Is it time to overhaul the MP selection process?

Both major political parties have egg on their faces after incidents that question the criteria for candidate selection, writes PAT PILCHER.Hardly a week goes by without one (or both) of the major parties stepping in their own political dogshit and making a spectacular mess as they attempt to shake it off their shoes.

The National party stepped on a spectacular political turd when it came to light that Tauranga MP Sam Uffindell was expelled from Kings College because he had taken part in a vicious attack on a 13-year-old pupil using wooden bed legs, badly beating the victim.

The ensuing media circus saw the National Party looking increasingly worse for wear as Luxon desperately tried to scrape the offending turd from his shoe. At first, Luxon attempted to minimise the situation by saying that the attack happened long ago and that Uffindel is now a changed man. Luxon’s discomfort became even more obvious once it was confirmed that Uffindel had told the National party selection committee about the attack during the candidate selection process. National MP Todd McClay and ex-National party president Peter Goodfellow were both aware of the news, but Luxon claimed no knowledge of it, despite being the party leader. It goes without saying that this isn’t a good look for National and it certainly did Luxon’s credibility no favours.

The Uffindel saga took an even uglier turn as fresh allegations surfaced that he had bullied a flatmate while studying at Otago University. In what can only be described as “rinse, wash and repeat”, the public got treated to more media servings of the now monotonous Luxon word salad, with a liberal seasoning of blame dodging. Finally, Luxon suspended Uffindel, whose political future is to be determined by an investigation into the allegations. While many a Kiwi up and down New Zealand could be heard uttering “about bloody time!” Luxon also admitted that the investigation report would not be publicly available, and only a summary of the findings will be disclosed. So much for political transparency and trust.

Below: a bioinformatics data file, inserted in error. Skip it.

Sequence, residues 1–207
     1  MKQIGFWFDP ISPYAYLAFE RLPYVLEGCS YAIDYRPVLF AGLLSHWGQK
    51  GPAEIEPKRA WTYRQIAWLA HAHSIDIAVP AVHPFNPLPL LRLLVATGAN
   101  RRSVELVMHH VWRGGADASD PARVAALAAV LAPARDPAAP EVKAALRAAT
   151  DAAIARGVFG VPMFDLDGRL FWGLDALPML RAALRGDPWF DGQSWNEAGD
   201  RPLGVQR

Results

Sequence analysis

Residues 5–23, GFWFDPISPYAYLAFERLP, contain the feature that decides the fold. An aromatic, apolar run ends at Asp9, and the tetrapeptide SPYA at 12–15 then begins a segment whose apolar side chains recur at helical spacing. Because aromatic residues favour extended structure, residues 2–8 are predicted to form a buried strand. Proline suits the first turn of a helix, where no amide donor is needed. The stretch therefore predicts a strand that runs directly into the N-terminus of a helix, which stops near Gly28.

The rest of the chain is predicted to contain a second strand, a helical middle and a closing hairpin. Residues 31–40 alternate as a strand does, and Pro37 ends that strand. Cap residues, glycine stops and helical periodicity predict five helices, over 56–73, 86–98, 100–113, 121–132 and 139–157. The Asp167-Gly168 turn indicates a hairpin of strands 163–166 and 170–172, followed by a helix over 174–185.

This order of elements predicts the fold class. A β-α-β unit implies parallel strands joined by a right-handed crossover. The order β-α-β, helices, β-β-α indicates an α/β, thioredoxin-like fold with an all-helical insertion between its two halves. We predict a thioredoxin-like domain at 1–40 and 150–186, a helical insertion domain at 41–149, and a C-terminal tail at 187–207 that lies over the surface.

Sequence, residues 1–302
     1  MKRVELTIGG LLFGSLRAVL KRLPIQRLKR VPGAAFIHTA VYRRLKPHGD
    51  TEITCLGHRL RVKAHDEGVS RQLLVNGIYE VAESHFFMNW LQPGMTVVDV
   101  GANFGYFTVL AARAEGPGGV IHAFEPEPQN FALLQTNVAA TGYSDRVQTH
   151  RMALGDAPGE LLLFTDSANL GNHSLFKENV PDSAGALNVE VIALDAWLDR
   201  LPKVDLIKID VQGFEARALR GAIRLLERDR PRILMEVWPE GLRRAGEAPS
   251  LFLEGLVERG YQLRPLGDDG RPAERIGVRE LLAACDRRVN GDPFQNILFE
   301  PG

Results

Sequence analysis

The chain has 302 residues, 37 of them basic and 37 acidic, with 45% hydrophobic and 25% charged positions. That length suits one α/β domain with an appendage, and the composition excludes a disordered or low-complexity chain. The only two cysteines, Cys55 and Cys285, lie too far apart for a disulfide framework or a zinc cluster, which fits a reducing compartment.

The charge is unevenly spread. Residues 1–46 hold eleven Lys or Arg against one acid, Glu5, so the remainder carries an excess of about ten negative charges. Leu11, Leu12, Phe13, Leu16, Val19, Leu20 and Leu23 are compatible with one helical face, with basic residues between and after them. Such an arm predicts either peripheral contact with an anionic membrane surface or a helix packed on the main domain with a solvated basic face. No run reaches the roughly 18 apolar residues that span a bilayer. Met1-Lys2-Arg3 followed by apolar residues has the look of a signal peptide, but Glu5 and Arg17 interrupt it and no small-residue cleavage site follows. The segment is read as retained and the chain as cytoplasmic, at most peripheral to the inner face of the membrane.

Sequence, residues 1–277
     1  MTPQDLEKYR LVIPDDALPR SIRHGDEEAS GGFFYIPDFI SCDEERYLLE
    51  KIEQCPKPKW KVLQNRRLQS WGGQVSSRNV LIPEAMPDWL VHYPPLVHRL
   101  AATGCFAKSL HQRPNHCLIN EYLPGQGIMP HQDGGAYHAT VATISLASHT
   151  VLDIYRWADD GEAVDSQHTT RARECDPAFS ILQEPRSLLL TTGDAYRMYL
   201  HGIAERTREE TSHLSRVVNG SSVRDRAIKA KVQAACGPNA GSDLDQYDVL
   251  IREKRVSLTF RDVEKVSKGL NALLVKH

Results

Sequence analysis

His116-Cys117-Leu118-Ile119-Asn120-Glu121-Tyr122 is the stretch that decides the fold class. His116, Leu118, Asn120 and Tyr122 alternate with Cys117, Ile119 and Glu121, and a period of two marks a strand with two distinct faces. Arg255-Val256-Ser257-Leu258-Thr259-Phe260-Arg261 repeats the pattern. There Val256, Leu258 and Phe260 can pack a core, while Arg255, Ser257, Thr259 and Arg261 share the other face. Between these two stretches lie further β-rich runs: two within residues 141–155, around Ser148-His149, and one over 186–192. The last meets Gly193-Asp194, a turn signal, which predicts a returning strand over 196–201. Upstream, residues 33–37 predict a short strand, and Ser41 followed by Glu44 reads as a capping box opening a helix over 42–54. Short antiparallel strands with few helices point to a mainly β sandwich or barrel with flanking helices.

So, what went wrong? A golden rule of public relations is never to run away from a fire – especially if you want to appear credible. Luxon’s abysmal attempts to minimise and deflect did nothing for him or his party. If that were all, National might have scraped by with their pride bruised and the matter would’ve eventually faded from memory. But the resulting media circus as Luxon prevaricated around who knew of Uffindell’s offending and his protestations that he didn’t were the equivalent of pouring a can of petrol onto an already raging bonfire. Given the long history of issues surrounding poor MP selection processes within the National party and Luxon’s inability to act decisively, it can at best be said that Luxon made a bad situation worse.

Meanwhile, in the other camp, Labour supporters had their smug smiles removed, thanks to Labour MP Gaurav Sharma. He levelled accusations of bullying at other Labour MPs, claiming that secretly recorded conversations were evidence of bullying and that Labour had tried to muzzle him by telling him how to keep information from the media. His allegations have yet to be substantiated.